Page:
Elena Argento

Research Topic

Investigating the socio-structural context and impact of new Canadian legislation and criminal policies (C-36) on HIV/STI risks among sex workers and their clients

Research Group

Gender and Sexual Health Initiative

Research Description

In Canada and globally, sex workers continue to experience high rates of HIV/STI (sexually transmitted infection), violence, and poor access to health care services. Despite the significance of socio-structural factors (e.g. laws, stigma, social support) in influencing the HIV epidemic, large research gaps remain in our understanding of how these factors affect HIV/STI risks for sex workers. For the first time in Canadian history, new sex work legislation (Bill C-36, implemented in December 2014) criminalizes purchasing and advertising the sale of sexual services, while the selling of sex remains legal. These policies have been adopted in Canada despite the lack of evidence supporting this legal framework and an absence of empirical research on the health impacts and HIV/STI risks for sex workers. My PhD research project seeks to address the health and social vulnerability experienced by sex workers by investigating the impact of new sex work laws and enforcement-based policies on HIV/STI risks (e.g. drug use patterns, violence, condom use, access to care) among sex workers and clients in Vancouver, Canada.

What was the best surprise about UBC or life in Vancouver?

I have lived most of my life in Vancouver and have been pleasantly surprised by the ongoing support and mentorship at UBC, as well as meeting inspiring individuals both in and out of university. The lifestyle of a UBC student living in Vancouver is definitely a hard one to beat.

Why did you decide to study at UBC?

As a Research Assistant with the Gender and Sexual Health Initiative (GSHI) at the BC Centre for Excellence in HIV/AIDS (BCCfE), UBC is an ideal environment for me to pursue doctoral studies. I have many opportunities to learn from other students at various stages in their research and careers, and have exceptional mentorship and research supports at both UBC and the Centre. It was an easy decision to stay in Vancouver and continue my studies at UBC.

What is it specifically, that your program offers, that attracted you?

The Interdisciplinary Studies Graduate Program allows me to explore my cross-disciplinary research interests spanning public health, public policy, social sciences, health sciences, and criminology. I am particularly attracted to the flexibility of the program and being able to choose interdisciplinary courses that will equip me with the tools to conduct my dissertation study, while learning from the GSHI/BCCfE and its multiple partnerships with local, national and international community-based organizations.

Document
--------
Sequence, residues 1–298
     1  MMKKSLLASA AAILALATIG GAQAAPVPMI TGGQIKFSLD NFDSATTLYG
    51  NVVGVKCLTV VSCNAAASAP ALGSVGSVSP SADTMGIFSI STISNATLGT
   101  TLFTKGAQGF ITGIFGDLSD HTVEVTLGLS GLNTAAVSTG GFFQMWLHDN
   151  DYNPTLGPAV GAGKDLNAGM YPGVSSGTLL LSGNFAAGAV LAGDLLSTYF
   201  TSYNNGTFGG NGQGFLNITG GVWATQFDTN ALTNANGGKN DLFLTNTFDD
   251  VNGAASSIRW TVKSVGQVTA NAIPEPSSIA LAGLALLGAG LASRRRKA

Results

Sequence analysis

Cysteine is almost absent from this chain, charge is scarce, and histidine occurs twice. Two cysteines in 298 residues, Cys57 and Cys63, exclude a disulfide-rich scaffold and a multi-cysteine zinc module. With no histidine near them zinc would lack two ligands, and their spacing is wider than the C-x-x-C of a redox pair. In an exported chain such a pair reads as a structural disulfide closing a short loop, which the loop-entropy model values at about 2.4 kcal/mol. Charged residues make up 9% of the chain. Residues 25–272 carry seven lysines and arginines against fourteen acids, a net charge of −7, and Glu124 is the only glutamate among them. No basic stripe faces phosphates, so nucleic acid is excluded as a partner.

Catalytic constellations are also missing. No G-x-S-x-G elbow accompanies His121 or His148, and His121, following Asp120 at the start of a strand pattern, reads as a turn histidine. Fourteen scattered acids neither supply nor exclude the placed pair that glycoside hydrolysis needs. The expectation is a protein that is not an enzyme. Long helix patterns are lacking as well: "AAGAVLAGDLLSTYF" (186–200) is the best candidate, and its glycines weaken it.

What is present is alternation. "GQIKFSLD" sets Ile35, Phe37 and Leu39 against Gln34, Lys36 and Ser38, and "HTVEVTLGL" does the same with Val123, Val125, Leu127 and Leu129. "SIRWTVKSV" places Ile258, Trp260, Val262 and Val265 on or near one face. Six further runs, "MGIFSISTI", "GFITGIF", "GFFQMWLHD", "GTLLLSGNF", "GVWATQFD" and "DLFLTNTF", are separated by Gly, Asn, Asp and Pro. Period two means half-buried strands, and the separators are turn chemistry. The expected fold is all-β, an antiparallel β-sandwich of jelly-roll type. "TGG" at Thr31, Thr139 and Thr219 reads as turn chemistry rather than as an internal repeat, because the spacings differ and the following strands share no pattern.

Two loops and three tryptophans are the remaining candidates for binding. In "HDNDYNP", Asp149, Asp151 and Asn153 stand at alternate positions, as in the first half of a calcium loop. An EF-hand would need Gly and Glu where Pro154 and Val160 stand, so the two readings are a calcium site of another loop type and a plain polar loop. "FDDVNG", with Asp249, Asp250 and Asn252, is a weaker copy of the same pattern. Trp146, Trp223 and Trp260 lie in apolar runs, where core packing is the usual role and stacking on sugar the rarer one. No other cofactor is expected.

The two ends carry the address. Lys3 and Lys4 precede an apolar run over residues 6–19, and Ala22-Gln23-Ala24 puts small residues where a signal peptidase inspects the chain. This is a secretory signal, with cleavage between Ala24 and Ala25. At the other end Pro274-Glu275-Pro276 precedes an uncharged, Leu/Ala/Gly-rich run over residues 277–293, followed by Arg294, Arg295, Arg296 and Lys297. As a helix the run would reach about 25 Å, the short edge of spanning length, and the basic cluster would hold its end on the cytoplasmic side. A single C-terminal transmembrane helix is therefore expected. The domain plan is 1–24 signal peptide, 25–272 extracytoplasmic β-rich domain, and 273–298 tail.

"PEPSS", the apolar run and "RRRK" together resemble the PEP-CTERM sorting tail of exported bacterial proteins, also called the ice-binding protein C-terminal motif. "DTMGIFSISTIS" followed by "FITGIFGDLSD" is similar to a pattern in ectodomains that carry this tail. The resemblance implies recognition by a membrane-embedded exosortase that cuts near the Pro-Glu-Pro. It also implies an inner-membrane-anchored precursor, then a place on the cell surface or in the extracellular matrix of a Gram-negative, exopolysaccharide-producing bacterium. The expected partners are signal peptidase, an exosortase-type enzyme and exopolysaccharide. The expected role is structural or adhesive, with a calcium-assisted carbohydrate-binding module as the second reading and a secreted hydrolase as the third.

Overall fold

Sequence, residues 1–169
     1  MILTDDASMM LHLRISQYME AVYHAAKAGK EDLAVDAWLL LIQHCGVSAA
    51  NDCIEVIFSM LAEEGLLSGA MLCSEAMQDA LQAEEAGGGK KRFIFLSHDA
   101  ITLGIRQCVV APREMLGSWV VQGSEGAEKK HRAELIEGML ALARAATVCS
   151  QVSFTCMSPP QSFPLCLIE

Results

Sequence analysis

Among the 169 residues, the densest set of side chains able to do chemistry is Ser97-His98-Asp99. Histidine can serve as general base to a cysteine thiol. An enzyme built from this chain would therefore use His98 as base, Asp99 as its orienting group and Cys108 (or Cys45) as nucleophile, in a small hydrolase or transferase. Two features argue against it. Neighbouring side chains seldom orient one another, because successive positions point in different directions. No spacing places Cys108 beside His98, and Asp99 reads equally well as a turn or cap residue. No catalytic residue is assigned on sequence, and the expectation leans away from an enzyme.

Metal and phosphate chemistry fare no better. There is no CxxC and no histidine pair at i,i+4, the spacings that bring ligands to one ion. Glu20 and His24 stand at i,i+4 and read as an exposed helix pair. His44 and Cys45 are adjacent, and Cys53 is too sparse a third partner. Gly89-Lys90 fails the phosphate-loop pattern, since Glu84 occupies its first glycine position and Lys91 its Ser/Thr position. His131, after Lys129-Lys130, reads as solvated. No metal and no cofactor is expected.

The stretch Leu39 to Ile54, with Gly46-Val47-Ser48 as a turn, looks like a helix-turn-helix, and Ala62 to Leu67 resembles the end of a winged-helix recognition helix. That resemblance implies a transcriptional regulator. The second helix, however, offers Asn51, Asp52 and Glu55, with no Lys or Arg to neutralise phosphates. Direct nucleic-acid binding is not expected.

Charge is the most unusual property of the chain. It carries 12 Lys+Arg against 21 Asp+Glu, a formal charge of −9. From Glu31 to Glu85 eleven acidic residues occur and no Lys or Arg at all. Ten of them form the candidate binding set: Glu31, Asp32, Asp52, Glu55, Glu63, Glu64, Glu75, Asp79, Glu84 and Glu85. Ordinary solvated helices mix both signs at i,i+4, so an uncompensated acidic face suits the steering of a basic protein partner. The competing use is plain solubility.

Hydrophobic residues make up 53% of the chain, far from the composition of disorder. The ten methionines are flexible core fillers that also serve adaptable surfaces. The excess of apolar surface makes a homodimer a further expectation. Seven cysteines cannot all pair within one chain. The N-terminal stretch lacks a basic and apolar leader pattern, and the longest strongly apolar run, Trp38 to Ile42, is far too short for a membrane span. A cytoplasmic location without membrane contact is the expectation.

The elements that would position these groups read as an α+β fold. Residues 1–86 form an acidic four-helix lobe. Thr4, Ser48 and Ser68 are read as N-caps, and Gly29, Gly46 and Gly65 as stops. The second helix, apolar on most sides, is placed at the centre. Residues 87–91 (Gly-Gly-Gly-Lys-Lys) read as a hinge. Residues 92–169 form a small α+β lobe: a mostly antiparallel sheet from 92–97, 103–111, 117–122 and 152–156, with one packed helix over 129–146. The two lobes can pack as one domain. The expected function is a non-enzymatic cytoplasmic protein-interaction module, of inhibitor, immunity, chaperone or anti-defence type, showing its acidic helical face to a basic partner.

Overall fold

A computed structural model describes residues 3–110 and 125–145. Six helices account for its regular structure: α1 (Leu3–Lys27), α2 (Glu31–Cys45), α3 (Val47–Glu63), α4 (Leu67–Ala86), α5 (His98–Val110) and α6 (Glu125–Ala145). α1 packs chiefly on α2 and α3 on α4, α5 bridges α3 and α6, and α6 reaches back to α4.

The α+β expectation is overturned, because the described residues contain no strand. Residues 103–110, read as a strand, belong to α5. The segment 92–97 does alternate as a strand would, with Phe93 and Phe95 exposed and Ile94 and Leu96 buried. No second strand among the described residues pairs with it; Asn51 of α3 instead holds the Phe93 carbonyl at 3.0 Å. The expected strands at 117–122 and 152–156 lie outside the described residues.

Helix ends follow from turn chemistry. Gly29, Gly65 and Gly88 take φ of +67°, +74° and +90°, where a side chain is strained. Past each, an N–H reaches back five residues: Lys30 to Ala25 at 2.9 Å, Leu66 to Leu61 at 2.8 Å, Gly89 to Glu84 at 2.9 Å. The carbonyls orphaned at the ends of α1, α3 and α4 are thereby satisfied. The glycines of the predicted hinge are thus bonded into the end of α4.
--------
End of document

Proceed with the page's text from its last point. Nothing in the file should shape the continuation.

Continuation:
Why did you decide to pursue a graduate degree?

Living the majority of my adult life in Vancouver, I have often been confronted by visible social disadvantage, particularly in Vancouver’s Downtown Eastside, notorious for its poverty, drug use, and sex work. Sex workers are amongst the most heavily affected by the HIV/AIDS epidemic, yet little empirical research has been conducted on the impact of socio-structural factors in shaping the risks for HIV among sex workers. I am pursuing a PhD to address this gap and the need to reduce inequalities and human rights violations among marginalized populations. My research involves delineating the role of socio-structural determinants (e.g., laws, stigma, social support) in potentiating or mitigating sexual and drug use-related risks for HIV/STI. In addition to producing research, my goal is to also convey the urgency of these issues to the general public and policymakers.

What do you like to do for fun or relaxation?

Nothing is more relaxing to me than spending time in nature, especially in beautiful British Columbia. I love to run, hike, swim, and ski.

What advice do you have for new graduate students?

Graduate work can seem daunting at first, especially if you are new to the city or school. I think it's important to reach out to others and ask lots of questions. Those who have gone through the process can provide guidance, and, in my experience, are willing to help. Also, apply for funding at every opportunity!